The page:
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Chariot Goddess (NIKE Goddess of Victory) Silk Persian Tableau Rug (Pictorial Carpet) Tableau Rug (Pictorial Carpet) Details
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Chariot Goddess (NIKE Goddess of Victory) Silk Persian Tableau Rug (Pictorial Carpet)


You pay: $2,400.00
Retail Price: $8,000.00
You Save: 70.00% ($5,600.00)

Item#: ST2
Category: Statues Persian Tableau Rugs
Artist: Unknown
Size: 125 x 95 (cm)      4' 1 x 3' 1 (ft)
Origin: Persian
Foundation: Silk
Material: Wool & Silk
Primary Colour:      Border Colour:
Weave: 100% Hand Woven
Age: Brand New
KPSI: 600
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Unknown Brand New Persian Silk Statues Tableau Rug

This master piece is weaved in Tabriz, Iran a very famous city for it's rug culture.

This master piece is embossed with dimensional cut and really stand out feels like an actual statue.

NIKE, Goddess of Victory

Daughter of the Titan Pallas and the river Styx, Nike was the goddess of victory, often depicted with wings and a palm of victory in her hand. Romans called her Victoria.

Nike's very name means Victory and She was a goddess who personified triumph within ancient Greek culture. A companion to Athena, ancient statuary sometimes depicts them together, and ancient writings attribute some of Athena's characteristics to Nike.
 
Depending upon the time of various myths, she was described as the daughter of Pallas (Titan) and the river Styx (Water), and the sister of Cratos (Strength), Bia (Force), and of Zelus (Rivalry).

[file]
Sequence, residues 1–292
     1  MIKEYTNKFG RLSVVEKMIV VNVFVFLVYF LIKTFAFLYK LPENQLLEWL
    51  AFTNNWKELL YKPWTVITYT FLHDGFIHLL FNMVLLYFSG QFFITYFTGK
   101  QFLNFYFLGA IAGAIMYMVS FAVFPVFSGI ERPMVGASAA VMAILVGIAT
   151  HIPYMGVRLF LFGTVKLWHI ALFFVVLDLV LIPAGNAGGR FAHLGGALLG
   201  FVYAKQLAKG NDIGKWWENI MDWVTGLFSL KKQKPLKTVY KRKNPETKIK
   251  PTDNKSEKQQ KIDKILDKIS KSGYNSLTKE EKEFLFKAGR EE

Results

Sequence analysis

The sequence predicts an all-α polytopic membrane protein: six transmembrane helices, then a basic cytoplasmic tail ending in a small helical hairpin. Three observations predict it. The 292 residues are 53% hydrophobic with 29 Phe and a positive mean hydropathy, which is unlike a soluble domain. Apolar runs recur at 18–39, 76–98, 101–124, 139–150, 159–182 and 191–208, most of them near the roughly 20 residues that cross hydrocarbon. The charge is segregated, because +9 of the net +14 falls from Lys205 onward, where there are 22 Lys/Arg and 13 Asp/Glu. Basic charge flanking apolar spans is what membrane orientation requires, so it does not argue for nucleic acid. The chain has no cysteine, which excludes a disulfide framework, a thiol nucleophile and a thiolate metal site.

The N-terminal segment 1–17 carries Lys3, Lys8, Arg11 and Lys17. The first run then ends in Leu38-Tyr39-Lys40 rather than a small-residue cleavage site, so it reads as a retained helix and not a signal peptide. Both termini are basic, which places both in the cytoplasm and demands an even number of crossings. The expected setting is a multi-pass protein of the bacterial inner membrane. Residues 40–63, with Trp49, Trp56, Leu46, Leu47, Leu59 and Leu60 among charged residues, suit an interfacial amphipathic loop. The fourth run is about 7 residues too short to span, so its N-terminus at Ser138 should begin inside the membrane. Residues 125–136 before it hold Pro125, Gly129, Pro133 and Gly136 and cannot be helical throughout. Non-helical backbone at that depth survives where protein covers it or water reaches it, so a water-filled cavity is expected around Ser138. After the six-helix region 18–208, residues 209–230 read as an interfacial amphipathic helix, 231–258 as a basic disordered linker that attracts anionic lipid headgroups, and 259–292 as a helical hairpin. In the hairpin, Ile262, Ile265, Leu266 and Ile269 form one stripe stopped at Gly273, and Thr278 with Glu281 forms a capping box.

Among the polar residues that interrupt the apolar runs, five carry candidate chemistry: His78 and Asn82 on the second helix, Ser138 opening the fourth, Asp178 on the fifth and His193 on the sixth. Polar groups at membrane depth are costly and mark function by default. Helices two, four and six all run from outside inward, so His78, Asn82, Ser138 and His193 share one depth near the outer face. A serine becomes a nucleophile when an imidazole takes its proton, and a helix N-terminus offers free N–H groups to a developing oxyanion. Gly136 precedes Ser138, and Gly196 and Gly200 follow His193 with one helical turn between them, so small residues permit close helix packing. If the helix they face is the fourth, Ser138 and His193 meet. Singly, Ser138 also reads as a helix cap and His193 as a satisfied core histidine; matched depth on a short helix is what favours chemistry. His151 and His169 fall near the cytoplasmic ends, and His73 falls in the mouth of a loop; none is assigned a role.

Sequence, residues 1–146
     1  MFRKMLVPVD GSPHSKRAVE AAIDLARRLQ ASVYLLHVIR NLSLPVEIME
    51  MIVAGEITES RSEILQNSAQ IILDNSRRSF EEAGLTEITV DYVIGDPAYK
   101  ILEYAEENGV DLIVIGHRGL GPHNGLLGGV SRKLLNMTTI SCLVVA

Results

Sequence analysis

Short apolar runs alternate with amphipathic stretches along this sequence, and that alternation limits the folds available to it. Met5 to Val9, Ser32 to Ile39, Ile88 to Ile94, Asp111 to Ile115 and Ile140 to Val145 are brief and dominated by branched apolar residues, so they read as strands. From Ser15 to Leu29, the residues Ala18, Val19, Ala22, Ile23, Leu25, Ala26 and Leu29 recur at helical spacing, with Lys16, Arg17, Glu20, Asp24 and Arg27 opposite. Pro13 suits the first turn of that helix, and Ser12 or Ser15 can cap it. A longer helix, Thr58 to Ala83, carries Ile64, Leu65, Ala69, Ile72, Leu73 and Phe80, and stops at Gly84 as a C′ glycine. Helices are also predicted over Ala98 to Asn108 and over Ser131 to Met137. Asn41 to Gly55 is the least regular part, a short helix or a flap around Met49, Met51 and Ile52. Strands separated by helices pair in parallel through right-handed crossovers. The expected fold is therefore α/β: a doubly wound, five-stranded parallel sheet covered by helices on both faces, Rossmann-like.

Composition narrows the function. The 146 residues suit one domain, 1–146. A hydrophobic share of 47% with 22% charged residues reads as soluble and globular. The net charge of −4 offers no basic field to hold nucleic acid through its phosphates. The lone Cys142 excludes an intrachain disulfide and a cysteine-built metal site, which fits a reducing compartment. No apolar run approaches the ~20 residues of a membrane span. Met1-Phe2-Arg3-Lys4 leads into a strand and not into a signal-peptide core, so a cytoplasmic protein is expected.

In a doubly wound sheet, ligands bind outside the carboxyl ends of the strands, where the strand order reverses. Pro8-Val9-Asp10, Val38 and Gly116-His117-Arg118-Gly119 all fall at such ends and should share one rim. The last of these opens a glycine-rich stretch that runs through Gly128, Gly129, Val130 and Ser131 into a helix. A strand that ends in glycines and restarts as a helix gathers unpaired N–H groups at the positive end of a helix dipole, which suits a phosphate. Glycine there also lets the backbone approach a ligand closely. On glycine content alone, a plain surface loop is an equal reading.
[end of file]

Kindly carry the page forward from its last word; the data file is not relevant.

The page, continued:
Nike and her siblings were attendants of Zeus when his cult gained the position of the dominant deity of the Greek pantheon. The roles of older deities were changed in new myths.

According to classical myth, Styx brought them to Zeus when the god was assembling allies for the war between the Titans and the Olympians. Nike assumed the role of the divine charioteer, a role in which she is often portrayed in Classical Greek art, as depicted in Nike on Chariot above. Her participation in battle made her a symbol of victory in many areas of ancient Greece, including military, athletic and other contests.

Nike is seen with wings in most statues and paintings. Most other winged deities in the Greek pantheon had shed their wings by Classical times.

Worship of the goddess Nike included procesions, libations, or sacrifices that were performed to elicit Her favour.

Petitions in the form of prayers could be presented to the priestesses officiating in the temples, who would communicate these to the goddess at the sacred oracles. If an answer was received from the goddess it would be presented to the petitioner by the priestess.

The Athenians dedicated a statue to Nike at Delphi and the statue of Zeus at Olympia reportedly depicted Nike as well.  An original sculpture of Nike of Samothrace is permanently stored at the Louvre museum, Paris.

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